STUDENT DATA BINDERS
The major reason to create student data binders is to allow individuals to chart their own progress. Goals are set for specific skills and children record and/or review their results on specific tasks regularly. Graphs, checklists, and rubrics often work well as ways to show data.
Student data binders act as a vehicle to promote discussion between the teacher and the child. Together they talk about what they notice about the information and they brainstorm any changes that can be made to improve or enhance performance. As students observe their own growth, they are motivated to participate and continue working hard to reach goals. For those children who do not show growth, they receive adult support to help them get on the path to improvement.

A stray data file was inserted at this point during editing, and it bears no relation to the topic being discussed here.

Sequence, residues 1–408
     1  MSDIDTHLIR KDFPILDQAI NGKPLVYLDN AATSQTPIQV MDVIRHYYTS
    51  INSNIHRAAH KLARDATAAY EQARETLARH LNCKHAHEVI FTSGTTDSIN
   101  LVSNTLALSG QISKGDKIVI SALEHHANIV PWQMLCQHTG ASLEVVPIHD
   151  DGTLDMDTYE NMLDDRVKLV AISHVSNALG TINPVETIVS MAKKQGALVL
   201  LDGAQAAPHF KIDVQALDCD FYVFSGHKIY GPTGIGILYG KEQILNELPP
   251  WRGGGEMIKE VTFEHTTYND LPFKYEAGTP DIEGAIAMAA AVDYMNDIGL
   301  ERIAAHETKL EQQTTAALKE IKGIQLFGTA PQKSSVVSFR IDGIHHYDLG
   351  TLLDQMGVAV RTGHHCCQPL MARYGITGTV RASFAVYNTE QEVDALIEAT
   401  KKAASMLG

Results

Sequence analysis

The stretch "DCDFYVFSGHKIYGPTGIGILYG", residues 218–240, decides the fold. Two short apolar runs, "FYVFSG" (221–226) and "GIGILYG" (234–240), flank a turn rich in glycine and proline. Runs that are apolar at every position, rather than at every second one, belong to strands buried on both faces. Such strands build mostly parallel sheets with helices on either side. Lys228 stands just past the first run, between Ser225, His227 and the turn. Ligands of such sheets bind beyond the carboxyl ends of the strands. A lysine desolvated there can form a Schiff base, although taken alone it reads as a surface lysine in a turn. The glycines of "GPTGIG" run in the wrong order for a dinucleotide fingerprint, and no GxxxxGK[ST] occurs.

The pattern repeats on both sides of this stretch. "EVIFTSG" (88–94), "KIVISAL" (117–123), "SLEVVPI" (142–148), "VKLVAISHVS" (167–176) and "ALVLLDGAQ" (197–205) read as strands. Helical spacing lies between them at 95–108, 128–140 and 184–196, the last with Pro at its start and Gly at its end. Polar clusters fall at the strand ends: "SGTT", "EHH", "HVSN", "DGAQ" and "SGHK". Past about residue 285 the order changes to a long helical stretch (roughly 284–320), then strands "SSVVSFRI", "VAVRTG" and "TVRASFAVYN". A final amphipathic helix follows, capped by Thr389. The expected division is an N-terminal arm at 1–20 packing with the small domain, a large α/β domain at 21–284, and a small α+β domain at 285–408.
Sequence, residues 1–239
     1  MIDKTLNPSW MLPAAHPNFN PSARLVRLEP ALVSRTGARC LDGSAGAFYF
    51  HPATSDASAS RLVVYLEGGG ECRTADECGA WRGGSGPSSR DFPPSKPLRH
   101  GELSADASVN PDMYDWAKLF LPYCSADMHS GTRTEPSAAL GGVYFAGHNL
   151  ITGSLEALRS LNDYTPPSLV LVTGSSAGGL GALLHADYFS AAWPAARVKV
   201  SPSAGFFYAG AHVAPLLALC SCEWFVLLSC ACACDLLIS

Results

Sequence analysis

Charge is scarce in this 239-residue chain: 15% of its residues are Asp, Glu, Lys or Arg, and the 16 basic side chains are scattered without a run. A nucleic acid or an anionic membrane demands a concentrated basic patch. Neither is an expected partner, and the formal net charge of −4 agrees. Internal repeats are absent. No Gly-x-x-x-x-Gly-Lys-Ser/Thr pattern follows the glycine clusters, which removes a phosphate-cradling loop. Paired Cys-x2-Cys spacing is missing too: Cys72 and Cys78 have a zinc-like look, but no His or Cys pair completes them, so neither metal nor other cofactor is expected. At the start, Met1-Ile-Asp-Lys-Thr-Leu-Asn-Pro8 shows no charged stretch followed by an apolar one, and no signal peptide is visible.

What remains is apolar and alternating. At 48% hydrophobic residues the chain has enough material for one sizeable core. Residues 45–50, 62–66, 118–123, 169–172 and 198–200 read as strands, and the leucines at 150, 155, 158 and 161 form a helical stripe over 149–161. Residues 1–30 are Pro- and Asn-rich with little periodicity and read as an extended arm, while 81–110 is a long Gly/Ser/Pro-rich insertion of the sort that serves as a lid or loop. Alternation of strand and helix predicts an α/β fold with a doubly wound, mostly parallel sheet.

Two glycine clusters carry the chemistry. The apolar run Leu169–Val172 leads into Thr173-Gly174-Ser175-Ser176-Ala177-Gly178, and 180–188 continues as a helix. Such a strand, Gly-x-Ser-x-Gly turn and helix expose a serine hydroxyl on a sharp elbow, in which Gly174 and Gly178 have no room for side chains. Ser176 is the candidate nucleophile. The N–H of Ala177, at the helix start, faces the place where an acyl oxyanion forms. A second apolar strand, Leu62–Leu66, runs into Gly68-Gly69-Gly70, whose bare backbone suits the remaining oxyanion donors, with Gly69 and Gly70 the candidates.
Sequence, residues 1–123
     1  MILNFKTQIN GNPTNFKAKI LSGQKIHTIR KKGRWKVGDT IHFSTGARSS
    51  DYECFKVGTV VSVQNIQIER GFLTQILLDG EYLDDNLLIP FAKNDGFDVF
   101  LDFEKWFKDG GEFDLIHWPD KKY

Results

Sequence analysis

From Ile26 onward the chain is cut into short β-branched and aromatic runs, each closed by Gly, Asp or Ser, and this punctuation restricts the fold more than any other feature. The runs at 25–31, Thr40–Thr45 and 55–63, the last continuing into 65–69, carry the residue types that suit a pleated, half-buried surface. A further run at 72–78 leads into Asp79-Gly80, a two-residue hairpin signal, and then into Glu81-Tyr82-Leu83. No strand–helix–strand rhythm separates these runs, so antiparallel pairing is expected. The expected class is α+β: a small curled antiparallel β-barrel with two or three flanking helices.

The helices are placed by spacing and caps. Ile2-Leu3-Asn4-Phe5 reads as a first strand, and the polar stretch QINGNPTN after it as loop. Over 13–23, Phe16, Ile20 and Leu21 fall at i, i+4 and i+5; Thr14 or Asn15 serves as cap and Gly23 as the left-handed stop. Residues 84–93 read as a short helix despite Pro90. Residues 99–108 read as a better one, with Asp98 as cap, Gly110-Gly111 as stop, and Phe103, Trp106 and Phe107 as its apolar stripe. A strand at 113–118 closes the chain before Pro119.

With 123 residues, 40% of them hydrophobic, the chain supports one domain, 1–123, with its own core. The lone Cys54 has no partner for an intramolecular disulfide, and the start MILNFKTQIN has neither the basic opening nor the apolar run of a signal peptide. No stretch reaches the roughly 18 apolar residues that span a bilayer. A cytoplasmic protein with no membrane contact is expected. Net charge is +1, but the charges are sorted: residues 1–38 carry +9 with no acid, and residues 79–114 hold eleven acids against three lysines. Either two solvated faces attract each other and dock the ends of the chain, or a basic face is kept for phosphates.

Be selective and have students include information that is most important to them to increase their motivation to participate. Some examples of when student data binders are useful tools for the classroom include information about:
*running record levels
*checklists for writing/evidence based responses
*math sprints or fluency probes
Students can also include the information from their data binders when they share their work with parents at portfolio breakfasts. At Primrose Hill School, many classrooms invite families in twice a year to celebrate the accomplishments and progress of their children.